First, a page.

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Copyright © 1995-2002 
Linda Coffman


Cruise Diva's CRUISE DIARY
~ Lisbon to Barcelona ~

Wind Surf Bistro Restaurant
Wind Surf - Bistro Restaurant

Marbella, Spain

May 1, 2002 - What a glorious day! By mid-morning when I headed ashore, the mist was beginning to burn off and the day promised to be sunny and perfect. Although it was a national holiday (Spain's version of our Labor Day) and many stores were closed, the shops and cafes along the seaside avenue were open by early afternoon and the sidewalks were thronged with residents and visitors alike. It's nice to be in the Med this time of year before it really gets crowded.

I joined friends to tender ashore and we consulted the Marbella map and directions provided by Kimberly at the shore excursion desk. We walked first to one of the city's new attractions, the remodeled "Avenida Puerta del Mar" park, which stretches from the sea upward to the center of Marbella. Fascinating sculptures by Dali are interspersed with fountains and colorful flowerbeds. Reaching the top of the park, we crossed into the old quarter of town. The heady scent of orange trees permeates the Plaza de Los Naranjos and patrons of the cafes that fill the square enjoy their meals beneath a canopy of fragrant green. We pressed on through lanes and alleyways between the whitewashed buildings, enjoying the cool shade and splashy floral arrangements that spill over delicate wrought iron balconies. 

Plaza de Los Naranjos

Everywhere we looked there were picture postcard Mediterranean scenes. The sky and sea were incredible shades of blue and it was quickly apparent why Marbella has grown to be one of the Costa del Sol's most popular and exclusive resorts. Even the trash bins are constructed of varnished wood and fancy iron hinges. The area around the 9th century Arabian Walls was just as neat and tidy as the many formal squares in the old quarter. We were completely taken with everything we saw.

After making our way to a seaside cafe for refreshments, we contemplated returning to the Wind Surf and possibly heading ashore again after a late lunch. Our shore tender bobbed around quite a lot so I decided to remain on board and check out the watersports marina. It was there that I discovered we might have a problem--the marina was being closed early because of high waves. No problem. I didn't really want to water ski anyway. Instead of going back ashore, I decided to unwind on board and enjoyed a solitary stint in the huge coed sauna, followed by reading in a shaded deck chair.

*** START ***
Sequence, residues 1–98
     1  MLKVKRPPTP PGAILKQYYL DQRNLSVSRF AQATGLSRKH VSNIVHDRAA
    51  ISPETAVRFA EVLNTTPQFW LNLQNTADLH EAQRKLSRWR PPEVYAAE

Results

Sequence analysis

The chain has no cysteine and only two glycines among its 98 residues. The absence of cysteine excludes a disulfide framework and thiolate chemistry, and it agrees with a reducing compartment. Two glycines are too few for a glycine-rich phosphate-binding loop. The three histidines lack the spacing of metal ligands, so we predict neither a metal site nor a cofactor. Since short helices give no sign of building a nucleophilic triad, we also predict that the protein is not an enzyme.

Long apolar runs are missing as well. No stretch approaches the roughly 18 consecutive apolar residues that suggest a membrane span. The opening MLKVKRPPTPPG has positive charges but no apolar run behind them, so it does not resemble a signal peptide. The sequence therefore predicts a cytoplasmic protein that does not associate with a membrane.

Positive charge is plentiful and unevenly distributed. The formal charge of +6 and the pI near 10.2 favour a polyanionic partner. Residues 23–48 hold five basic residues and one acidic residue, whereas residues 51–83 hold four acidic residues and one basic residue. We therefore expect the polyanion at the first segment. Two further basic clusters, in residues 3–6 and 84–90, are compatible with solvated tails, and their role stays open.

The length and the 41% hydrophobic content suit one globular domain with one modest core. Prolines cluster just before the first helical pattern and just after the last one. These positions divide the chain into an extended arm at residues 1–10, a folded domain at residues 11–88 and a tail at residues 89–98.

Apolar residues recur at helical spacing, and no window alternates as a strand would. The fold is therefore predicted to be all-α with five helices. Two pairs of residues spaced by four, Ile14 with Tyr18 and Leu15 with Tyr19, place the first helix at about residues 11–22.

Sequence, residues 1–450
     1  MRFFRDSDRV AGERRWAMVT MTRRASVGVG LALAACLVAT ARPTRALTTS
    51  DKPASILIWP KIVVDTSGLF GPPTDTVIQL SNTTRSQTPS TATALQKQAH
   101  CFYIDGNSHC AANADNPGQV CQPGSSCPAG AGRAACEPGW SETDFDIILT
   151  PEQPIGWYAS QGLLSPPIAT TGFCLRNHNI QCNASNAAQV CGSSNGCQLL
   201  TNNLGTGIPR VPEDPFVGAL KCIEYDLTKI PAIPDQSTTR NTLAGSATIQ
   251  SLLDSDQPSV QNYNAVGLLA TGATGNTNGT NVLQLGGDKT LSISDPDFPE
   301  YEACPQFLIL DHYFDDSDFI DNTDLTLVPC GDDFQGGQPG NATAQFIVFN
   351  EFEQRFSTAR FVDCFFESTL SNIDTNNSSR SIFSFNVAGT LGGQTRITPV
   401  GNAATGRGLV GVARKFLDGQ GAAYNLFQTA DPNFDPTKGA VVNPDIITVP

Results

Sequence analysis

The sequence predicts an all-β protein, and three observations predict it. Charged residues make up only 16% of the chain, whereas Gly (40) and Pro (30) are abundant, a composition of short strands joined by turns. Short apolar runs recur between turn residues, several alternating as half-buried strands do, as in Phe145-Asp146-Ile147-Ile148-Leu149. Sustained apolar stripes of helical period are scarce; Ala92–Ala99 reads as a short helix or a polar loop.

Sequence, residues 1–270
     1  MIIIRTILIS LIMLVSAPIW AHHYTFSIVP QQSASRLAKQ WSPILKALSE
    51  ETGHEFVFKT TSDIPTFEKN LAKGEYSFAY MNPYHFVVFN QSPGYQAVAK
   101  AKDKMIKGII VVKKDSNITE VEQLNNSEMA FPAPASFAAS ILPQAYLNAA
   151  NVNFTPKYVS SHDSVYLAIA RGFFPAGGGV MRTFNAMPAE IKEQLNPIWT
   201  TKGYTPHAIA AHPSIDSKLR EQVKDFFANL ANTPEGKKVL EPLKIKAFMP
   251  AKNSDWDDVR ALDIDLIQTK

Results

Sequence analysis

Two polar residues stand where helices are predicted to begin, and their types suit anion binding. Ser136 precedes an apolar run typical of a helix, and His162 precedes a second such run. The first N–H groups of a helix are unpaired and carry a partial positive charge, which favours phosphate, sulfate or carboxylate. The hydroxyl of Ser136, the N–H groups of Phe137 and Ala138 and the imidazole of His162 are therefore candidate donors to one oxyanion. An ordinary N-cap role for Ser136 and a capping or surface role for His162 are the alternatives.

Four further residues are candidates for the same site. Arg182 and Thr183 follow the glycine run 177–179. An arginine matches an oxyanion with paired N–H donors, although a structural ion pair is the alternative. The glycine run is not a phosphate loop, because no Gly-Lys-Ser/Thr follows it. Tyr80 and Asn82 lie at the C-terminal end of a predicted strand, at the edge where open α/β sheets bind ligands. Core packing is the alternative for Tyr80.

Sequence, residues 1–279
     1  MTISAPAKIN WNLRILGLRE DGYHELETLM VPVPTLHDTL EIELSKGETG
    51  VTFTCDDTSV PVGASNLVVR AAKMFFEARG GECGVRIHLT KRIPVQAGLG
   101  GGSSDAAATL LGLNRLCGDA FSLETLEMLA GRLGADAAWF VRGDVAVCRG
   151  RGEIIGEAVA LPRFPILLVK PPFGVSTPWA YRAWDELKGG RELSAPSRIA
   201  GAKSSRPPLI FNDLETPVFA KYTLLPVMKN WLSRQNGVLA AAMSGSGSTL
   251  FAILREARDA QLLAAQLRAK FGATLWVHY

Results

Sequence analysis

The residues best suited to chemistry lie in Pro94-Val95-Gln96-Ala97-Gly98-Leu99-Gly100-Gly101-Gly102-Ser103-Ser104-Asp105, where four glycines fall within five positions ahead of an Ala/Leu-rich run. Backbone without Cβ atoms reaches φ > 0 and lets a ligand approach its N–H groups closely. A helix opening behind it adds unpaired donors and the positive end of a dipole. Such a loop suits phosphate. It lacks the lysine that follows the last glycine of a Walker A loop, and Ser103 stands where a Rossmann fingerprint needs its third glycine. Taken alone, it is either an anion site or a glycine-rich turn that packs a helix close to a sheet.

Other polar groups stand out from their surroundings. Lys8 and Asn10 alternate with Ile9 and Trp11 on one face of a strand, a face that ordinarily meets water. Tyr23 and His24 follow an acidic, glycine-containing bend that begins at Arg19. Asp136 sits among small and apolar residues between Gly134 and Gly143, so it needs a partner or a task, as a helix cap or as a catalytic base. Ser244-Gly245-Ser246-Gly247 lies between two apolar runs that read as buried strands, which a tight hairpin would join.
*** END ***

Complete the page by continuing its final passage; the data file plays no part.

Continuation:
Ship Happens - Oops. The wind really began to kick up mid-afternoon when I joined some friends. By tea-time Captain Boylin announced tender service was suspended. He then announced we would be sailing immediately for Malaga where tour busses were diverted to meet the ship. Anyone left ashore in Marbella would be met at the dock and directed to shuttles for the 40-minute drive. The arrangements were swift and impressive.

Passengers at the tender pier when service was suspended reported that they saw boats larger than our tenders being towed into harbor by the Spanish coast guard. Some took quite a beating from the high wind and waves. Rather than feeling stranded, the passengers I spoke to were in high spirits for having experienced an adventure. Two busses of passengers on tour to the Alhambra were delivered to Malaga where they had the opportunity to explore for an hour before the ship docked. A nice touch were the mimosas they were given upon re-boarding in Malaga. By 9pm all passengers were accounted for, even the independent golfers and beach-goers.

On a somewhat prophetic note, while I was waiting to go ashore earlier, Security Officer Nick Riccio demonstrated Wind Surf's security scan card system to me. Boarding cards are scanned by each passenger when they debark and re-embark. The computer system can sort information by cabin number and name to determine who is on board and what time each passenger left the ship and returned.

What about the occasional passenger who is left behind? It happens now and then, but not without the knowledge of Wind Surf's officers. When departure time approaches and passengers are missing, first their cabin is called. Then they are paged over the public address system. When it's determined they aren't on board, the ship contacts the Port Agent who checks with police and local hospitals. The Agent stays at the dock to assist the wayward passengers and provide follow up to the ship. The ship can't wait, but it's not because the bridge officers don't care.

There's no chance of anyone going astray tomorrow. We'll be at sea and in good hands--taking full advantage of being pampered by the Wind Surf's accomplished staff.

Day Four -> Sailing in the Mediterranean

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